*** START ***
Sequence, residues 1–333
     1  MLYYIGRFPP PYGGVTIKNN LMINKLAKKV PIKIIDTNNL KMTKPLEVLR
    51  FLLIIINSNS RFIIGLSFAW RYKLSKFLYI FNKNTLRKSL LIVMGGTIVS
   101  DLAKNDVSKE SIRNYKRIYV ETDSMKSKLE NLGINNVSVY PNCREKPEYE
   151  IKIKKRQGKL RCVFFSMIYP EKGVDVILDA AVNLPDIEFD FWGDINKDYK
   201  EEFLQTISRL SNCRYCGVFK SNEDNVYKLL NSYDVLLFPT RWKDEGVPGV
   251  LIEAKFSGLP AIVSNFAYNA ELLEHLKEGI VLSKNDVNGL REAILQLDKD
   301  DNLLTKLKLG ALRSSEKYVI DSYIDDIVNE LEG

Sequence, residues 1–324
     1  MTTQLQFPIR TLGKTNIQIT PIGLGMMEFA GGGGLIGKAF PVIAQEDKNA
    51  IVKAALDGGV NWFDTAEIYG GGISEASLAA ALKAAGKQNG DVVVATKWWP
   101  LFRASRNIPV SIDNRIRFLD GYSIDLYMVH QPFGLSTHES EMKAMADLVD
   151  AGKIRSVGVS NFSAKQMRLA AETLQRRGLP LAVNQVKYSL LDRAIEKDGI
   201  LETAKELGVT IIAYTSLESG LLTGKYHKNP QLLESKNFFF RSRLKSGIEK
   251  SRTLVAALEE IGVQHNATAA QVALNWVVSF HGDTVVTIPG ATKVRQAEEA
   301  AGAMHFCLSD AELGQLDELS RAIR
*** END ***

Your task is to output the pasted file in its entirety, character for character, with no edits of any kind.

Sequence, residues 1–333
     1  MLYYIGRFPP PYGGVTIKNN LMINKLAKKV PIKIIDTNNL KMTKPLEVLR
    51  FLLIIINSNS RFIIGLSFAW RYKLSKFLYI FNKNTLRKSL LIVMGGTIVS
   101  DLAKNDVSKE SIRNYKRIYV ETDSMKSKLE NLGINNVSVY PNCREKPEYE
   151  IKIKKRQGKL RCVFFSMIYP EKGVDVILDA AVNLPDIEFD FWGDINKDYK
   201  EEFLQTISRL SNCRYCGVFK SNEDNVYKLL NSYDVLLFPT RWKDEGVPGV
   251  LIEAKFSGLP AIVSNFAYNA ELLEHLKEGI VLSKNDVNGL REAILQLDKD
   301  DNLLTKLKLG ALRSSEKYVI DSYIDDIVNE LEG

Sequence, residues 1–324
     1  MTTQLQFPIR TLGKTNIQIT PIGLGMMEFA GGGGLIGKAF PVIAQEDKNA
    51  IVKAALDGGV NWFDTAEIYG GGISEASLAA ALKAAGKQNG DVVVATKWWP
   101  LFRASRNIPV SIDNRIRFLD GYSIDLYMVH QPFGLSTHES EMKAMADLVD
   151  AGKIRSVGVS NFSAKQMRLA AETLQRRGLP LAVNQVKYSL LDRAIEKDGI
   201  LETAKELGVT IIAYTSLESG LLTGKYHKNP QLLESKNFFF RSRLKSGIEK
   251  SRTLVAALEE IGVQHNATAA QVALNWVVSF HGDTVVTIPG ATKVRQAEEA
   301  AGAMHFCLSD AELGQLDELS RAIR